Needless to say, no such offerings were possible for the Atlantic Yards plan. Extell's competing bid for a portion of the site, the Metropolitan Transporation Authority's Vanderbilt Yard, came more than 18 months later, and any matrix would've compared apples and oranges, since Forest City Ratner's project extended beyond the railyard. But other issues, such as a basketball arena and the willingness to use eminent domain, would've had to be included in the chart.
The RPA's guidance
The current issue of the Regional Plan Association's (RPA) Spotlight on the Region newsletter recommends that citizens view the display models, at the northwest corner of Vanderbilt Avenue and 43rd Street, daily from 8 am to 8 pm, through December 14 and attend the session Monday. (The display was supposed to end Monday, so the extension points to the high level of public interest.)
RPA suggests some questions to keep in mind:
Does the proposal create a well-defined public space?
Does the circulation system within the project connect to the surrounding street network where possible?
How well does the open space network connect to surrounding open spaces like the High Line, Hudson River Park, the Moynihan Station Corridor and 10th Avenue?
Does the proposal enable connections to public transit?
What kind of commitment does the proposal make to environmental design?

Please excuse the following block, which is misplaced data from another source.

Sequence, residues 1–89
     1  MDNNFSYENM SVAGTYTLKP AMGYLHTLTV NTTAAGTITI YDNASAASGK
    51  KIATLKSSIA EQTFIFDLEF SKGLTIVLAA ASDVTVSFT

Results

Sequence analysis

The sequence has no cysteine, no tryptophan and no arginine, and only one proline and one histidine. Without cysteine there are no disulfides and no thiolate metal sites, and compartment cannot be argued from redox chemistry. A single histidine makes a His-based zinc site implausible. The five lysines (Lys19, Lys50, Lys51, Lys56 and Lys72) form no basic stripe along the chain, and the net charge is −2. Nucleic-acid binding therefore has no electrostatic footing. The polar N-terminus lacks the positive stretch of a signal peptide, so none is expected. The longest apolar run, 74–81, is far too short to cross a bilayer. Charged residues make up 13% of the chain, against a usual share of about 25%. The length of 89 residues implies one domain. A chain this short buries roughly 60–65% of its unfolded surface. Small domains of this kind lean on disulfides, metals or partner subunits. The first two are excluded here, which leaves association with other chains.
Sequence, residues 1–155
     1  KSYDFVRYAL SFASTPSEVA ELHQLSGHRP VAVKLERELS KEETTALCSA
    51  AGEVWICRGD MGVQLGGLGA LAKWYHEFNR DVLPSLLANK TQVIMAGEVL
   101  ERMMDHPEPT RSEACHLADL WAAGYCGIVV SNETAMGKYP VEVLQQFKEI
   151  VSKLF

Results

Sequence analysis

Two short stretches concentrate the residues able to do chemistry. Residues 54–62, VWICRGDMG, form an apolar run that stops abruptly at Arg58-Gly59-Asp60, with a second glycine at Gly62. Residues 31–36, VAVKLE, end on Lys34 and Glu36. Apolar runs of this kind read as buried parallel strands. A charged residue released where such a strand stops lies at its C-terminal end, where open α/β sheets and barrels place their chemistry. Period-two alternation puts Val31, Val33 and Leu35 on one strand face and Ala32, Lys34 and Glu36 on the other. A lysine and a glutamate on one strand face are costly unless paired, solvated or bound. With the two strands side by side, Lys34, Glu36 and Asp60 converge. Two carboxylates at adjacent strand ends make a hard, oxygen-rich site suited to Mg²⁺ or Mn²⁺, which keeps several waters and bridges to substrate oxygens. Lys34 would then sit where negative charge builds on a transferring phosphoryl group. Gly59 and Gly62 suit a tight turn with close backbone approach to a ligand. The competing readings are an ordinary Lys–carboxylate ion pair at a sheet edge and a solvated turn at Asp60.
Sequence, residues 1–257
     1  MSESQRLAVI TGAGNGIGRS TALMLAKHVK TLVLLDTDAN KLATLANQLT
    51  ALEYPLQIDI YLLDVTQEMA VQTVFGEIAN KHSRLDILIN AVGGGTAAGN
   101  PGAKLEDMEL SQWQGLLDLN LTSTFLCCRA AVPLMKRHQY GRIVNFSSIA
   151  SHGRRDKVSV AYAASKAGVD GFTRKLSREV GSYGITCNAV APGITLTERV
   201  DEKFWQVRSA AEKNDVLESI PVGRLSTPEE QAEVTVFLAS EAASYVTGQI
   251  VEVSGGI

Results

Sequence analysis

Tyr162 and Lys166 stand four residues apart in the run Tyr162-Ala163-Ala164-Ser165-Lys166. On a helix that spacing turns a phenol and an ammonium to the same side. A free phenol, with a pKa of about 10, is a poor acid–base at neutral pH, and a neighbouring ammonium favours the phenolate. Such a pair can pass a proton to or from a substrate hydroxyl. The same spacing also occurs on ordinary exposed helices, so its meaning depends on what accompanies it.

What kind of risk and reward does the proposal offer the MTA?
Does the proposal allow for some level of incremental development or does it need to be built out all at once?
Much of the conversation around these proposals in the media revolves around the buildings' architecture and aesthetic qualities. Yet the planning and infrastructure components of the proposals are at least as important as the towers' designs, and questions about those components need to be asked - and answered - now, early on in the planning process. Time is short: the MTA will select a developer in early 2008, after which the project will proceed through the City’s Uniform Land Use Review Procedure.
West Side yards vs. Atlantic Yards
RPA Regional Design Program Director Rob Lane observes: “The scale and complexity of the initiative makes this not so much a 'development project' as an exercise in 'city building,' requiring active and ongoing participation from the public.” Let’s build a city, not develop a plan."
Note that Lane last May cited Atlantic Yards as a missed opportunity for such "city building."